1. Tim lowrie

    Do you manage other investors properties in the springs? What are the best areas for short term rentals? I would like to hear more about your success story. I have been looking to purchase in the springs but I have little experience in the short term rental industry.

  2. Michael Baum

    Great article and I agree with furnishing a home. It is pretty crazy to think how much you need for a decent sized home.

    We bought a lakefront home in Idaho and it took us a year to get it ready for guests. Things just kept popping up. Finding furnishing to full equip a 2400 sqft house is a real chore to do without going broke.

    You guys really did well as we haven’t broken even on all costs yet. It does take a while to build up reviews so people will feel comfortable staying. So far so good for us as we are all 5 star and are already booking for next year!

  3. Ronnie Saeteune


    I am completely new to real estate but was thinking of turning my home into an air bnb in the future. It always crossed my mind though, who does the cleaning? Do property managers take care of that? Or is that something we do our self? Great post by the way!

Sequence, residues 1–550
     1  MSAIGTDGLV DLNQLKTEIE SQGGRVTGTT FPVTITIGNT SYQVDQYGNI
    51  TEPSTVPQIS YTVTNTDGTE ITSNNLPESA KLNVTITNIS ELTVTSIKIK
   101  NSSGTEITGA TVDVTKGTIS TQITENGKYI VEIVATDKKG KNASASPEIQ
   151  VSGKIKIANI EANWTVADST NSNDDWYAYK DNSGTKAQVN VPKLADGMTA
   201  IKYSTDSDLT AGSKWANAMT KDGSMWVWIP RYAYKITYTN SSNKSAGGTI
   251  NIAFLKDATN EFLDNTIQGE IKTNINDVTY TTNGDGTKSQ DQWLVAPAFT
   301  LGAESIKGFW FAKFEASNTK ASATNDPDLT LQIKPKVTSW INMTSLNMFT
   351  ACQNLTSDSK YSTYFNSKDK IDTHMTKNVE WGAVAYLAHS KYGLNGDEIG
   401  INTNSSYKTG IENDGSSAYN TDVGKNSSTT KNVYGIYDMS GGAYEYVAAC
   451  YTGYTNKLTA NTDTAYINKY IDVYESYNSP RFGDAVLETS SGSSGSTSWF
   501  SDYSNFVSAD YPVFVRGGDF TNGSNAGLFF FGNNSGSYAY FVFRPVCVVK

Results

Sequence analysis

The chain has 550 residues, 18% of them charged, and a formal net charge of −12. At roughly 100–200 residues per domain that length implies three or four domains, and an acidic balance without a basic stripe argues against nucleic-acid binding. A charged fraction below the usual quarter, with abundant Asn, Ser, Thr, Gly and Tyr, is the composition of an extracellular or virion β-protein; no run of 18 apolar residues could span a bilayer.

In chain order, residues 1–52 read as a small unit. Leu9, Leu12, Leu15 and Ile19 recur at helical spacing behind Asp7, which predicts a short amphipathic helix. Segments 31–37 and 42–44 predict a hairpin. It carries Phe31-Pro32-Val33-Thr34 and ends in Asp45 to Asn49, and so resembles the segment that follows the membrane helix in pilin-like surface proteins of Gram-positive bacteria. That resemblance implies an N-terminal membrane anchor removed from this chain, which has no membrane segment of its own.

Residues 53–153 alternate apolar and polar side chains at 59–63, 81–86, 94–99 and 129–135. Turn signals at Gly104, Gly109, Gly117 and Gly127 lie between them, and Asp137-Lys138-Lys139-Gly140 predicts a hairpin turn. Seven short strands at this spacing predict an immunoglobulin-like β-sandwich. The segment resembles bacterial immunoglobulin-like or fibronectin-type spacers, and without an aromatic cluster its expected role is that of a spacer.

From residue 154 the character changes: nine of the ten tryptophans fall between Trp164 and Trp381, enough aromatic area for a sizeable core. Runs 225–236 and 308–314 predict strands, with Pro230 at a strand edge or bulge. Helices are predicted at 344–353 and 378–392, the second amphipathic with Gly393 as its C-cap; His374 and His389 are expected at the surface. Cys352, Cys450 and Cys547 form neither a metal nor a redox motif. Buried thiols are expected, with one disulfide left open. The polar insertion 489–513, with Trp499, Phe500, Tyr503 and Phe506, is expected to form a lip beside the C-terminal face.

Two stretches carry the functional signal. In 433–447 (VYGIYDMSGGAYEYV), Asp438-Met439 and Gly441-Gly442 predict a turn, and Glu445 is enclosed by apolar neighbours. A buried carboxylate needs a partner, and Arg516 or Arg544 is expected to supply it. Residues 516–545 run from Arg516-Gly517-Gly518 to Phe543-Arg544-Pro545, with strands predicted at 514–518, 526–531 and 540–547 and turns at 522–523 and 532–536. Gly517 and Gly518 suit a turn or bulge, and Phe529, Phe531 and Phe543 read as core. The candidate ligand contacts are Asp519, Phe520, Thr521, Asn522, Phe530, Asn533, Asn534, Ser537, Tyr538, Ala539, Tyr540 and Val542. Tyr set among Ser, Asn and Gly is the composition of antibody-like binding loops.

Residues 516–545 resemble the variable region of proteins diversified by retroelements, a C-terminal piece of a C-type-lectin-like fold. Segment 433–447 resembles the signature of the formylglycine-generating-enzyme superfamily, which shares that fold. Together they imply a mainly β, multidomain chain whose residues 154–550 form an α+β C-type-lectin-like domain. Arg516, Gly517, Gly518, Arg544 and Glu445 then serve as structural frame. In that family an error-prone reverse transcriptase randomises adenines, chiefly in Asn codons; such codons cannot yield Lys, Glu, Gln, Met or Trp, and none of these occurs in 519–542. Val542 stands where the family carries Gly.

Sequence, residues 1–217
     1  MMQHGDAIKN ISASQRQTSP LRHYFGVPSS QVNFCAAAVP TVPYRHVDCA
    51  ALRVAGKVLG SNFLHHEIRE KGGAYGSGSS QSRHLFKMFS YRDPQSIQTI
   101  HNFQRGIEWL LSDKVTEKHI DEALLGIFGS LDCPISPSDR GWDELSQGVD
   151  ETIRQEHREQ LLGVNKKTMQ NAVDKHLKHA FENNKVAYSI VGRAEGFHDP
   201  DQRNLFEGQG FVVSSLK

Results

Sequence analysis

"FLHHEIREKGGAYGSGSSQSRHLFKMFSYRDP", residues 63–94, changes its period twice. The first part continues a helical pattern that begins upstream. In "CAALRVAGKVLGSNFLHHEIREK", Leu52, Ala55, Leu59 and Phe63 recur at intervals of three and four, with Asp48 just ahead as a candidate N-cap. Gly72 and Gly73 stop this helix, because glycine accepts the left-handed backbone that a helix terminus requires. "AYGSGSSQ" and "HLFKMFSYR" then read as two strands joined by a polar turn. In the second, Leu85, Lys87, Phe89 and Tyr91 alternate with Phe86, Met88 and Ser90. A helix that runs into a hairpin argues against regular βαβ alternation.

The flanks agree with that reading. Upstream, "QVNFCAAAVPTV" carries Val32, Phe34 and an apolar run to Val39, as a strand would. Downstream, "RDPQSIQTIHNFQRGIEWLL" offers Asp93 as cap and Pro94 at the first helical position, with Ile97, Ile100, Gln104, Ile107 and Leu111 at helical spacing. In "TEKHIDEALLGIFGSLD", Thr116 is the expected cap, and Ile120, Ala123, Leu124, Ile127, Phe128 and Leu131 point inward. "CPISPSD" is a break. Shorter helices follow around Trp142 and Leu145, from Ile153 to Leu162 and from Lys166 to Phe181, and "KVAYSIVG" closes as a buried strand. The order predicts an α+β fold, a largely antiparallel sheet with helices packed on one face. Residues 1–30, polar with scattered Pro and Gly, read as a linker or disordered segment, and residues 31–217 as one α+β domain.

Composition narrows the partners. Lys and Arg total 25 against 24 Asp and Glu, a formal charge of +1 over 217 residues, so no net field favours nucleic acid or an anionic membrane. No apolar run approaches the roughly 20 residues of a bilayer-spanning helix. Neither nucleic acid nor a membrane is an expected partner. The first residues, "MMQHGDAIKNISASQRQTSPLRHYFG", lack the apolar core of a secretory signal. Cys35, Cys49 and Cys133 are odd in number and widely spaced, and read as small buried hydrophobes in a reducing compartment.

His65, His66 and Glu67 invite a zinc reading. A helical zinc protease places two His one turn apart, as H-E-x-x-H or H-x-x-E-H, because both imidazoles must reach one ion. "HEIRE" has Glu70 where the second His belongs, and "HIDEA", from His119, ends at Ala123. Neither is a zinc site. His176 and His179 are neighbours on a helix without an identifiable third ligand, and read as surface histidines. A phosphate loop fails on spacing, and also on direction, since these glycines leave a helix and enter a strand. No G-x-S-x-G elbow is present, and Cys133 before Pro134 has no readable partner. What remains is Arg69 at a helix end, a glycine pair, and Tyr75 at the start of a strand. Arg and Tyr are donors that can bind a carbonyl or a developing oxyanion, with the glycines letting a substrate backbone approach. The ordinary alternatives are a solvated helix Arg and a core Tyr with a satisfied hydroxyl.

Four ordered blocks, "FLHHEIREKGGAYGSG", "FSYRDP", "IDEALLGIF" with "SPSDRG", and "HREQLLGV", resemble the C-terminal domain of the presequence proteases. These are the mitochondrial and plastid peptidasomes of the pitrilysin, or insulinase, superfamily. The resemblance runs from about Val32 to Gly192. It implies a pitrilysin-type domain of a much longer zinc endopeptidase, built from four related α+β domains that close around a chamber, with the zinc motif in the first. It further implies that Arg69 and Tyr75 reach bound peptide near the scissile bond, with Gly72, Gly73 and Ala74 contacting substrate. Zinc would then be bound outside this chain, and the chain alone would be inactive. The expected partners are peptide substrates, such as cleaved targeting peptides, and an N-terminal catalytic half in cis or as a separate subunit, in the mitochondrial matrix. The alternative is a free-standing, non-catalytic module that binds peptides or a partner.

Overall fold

• Erin Spradlin

      Thanks, Ronnie. Just depends on how you set it up. Typically, if people have a property manager- they want to be hands off and the property manager wants you to be hands off. Because of that, they handle all the cleaning and manage that team- you don’t. Without a property manager though, you would be handling that and/or managing the cleaning crew taking care of that.

    • Buckner Toney

      Not to speak for Erin, but Colo Springs does not currently require that the property be a primary residence to be a STR. The laws are very much in flux right now as the city is considering changing the regulations in the near future. The state of Colorado also has some potential bills on the horizon proposing increasing the tax rates for STR’s as well that one needs to stay up on if interested in getting into the market.